USLaunchReport, a disabled veteran-run enterprise on Florida’s Space Coast, provides ground footage of launches, and they got some beautiful footage of this one. Skip ahead about four minutes to staging, where it’s up high, lit by the Sun, and the humid air near the ground is less of an obstacle to photography, and watch to the end when they start to cut in shots of the plume in the background and in the foreground you can see the impressive optical tracking system they got to use for this:
The last Block 4 Falcon 9 flew yesterday, boosting an unmanned Dragon capsule to the ISS for the CRS-15 mission (skip to about 18:50 for the launch):
Since this was the final Block 4 flight, SpaceX did not attempt to recover the booster. This was, however, its second flight; Core 1045 helped launch the TESS satellite on April 18, which is just a 72 day turnaround to its second flight, SpaceX’s fastest reflight to date.
Unpressurized cargo includes the ECOsystem Spaceborne Thermal Radiometer Experiment on Space Station (ECOSTRESS) for JPL and a replacement latching end effector for the SSRMS. Pressurized cargo includes:
- Chemical Gardens (a crystal growth experiment)
- an experimental carbon fiber “factory” for the private company Made In Space (the third one flown to date)
- Crew Interactive Mobile (CIMON), a floating spherical robot trained to recognize and interact with European crewmember Alexander Gerst.
- Rodent Research 7, which will study microorganisms in the guts of a colony of “mouseonauts”
- BCAT-CS, a sediment research project
- Three Cubesats called Biarri-Squad for a multinational experiment to study potential military applications for smallsats (these will be experimenting with laser rangefinding and GPS to maintain relative position data)
- Three CubeSats from the Japanese-led multinational Birds-2 project performing a range of technology demonstrator experiments
- One of the Birds-2 CubeSats is Bhutan-1 (aka Bird BTN), the Kingdom of Bhutan’s first satellite
- Another is Bird PHL or Maya-1, the first Filipino CubeSat (not their first satellite
It’s been positively ages since I’ve last posted, but here’s something to get me to come back out: an absolutely stunning video of the Soyuz MS-09 launch. Soyuz launches are always fun, trying to spot things like the Korolev Cross, but this one’s extra special, because it’s got some brand new rocketcam images taken from the exterior of the Soyuz spacecraft during ascent. You get to see launch events that previously have been invisible to the public. Around 3:30, watch for the launch shroud falling away; from there on out, the footage is entirely Soyuz exterior. Around 9:40, watch for the upper stage drifting away, firing a cold gas thruster to ensure a safe separation. The quality isn’t spectacular, but it’s a view we’ve not been allowed to see before. Crew on board are Sergey Prokopyev (Roscosmos, Soyuz commander and spaceflight rookie), flight engineer Alexander Gerst (ESA), and flight surgeon Serena Auñón-Chancellor (NASA, also a spaceflight rookie).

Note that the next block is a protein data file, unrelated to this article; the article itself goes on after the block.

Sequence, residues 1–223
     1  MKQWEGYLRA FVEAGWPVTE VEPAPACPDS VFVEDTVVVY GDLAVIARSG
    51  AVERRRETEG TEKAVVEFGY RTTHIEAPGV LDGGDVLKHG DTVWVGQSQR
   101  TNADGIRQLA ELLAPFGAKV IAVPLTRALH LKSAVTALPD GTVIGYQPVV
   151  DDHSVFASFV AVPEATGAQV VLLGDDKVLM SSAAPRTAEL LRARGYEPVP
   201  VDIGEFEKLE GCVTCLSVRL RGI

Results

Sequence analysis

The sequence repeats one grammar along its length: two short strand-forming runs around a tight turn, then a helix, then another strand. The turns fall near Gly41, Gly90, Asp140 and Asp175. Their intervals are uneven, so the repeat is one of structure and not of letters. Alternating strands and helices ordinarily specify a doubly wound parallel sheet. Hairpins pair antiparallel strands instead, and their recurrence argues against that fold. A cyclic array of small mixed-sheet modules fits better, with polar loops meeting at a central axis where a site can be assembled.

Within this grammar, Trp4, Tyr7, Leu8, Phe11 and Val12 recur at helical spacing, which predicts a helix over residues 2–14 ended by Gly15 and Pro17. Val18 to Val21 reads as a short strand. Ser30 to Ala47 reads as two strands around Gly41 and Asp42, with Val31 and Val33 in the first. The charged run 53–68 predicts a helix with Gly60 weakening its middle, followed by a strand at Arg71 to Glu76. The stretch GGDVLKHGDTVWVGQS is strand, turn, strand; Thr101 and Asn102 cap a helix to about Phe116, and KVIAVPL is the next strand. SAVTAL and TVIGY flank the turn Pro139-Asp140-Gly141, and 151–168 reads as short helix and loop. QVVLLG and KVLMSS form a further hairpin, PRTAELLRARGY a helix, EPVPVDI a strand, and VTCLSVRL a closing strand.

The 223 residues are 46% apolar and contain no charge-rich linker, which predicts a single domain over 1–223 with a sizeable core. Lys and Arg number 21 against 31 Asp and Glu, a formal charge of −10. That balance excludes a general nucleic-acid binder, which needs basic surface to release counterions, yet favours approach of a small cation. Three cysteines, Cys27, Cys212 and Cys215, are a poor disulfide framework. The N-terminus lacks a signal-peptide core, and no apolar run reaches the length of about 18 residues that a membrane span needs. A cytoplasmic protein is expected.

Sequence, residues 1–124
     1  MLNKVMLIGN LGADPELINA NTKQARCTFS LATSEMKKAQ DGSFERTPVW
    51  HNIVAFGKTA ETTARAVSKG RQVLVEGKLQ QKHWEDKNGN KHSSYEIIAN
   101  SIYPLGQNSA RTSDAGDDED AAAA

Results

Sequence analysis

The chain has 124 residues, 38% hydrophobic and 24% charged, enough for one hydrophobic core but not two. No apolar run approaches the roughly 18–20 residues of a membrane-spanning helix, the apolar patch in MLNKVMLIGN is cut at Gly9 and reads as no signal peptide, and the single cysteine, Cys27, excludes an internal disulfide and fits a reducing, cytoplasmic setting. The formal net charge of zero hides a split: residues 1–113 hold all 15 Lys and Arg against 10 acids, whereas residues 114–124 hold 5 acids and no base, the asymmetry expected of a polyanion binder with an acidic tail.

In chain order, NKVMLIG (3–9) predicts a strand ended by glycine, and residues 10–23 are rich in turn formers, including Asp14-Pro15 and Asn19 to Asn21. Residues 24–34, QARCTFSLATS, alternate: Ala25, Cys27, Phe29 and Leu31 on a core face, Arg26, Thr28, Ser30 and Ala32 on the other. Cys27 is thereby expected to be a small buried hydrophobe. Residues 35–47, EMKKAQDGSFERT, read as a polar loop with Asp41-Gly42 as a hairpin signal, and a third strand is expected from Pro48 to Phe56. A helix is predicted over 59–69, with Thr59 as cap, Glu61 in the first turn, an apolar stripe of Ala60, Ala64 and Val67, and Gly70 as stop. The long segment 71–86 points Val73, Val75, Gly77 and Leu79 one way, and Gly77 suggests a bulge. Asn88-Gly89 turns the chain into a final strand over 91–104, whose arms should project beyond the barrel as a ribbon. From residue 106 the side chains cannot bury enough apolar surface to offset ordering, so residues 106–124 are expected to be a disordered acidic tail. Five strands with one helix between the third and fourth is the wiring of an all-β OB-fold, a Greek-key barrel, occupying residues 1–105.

In their first launch of a scientific satellite for NASA, SpaceX has placed the Transiting Exoplanet Satellite Surveyor (TESS) into Earth orbit and successfully recovered the first stage. TESS is a follow-on to the massively successful Kepler space observatory. Like Kepler, it will use the transit observation method to detect exoplanets, but unlike Kepler, it will be an all-sky survey, reliant upon an unusual orbit in a 2:1 resonance with the Moon (to avoid ever coming too close to the Moon and having the orbit disrupted). The orbit is completely outside the Van Allen Belts, with a period of 13.7 days. TESS will be able to downlink to ground stations during its perigees, at a distance of 108,000 km (about three times further away than the geosynchronous ring). Although TESS has a nominal primary mission duration of two years, this orbit is expected to remain stable for decades, and the spacecraft will almost certainly be used to destruction like so many other NASA spacecraft, finding mission extension after extension until there is nothing more that it can do.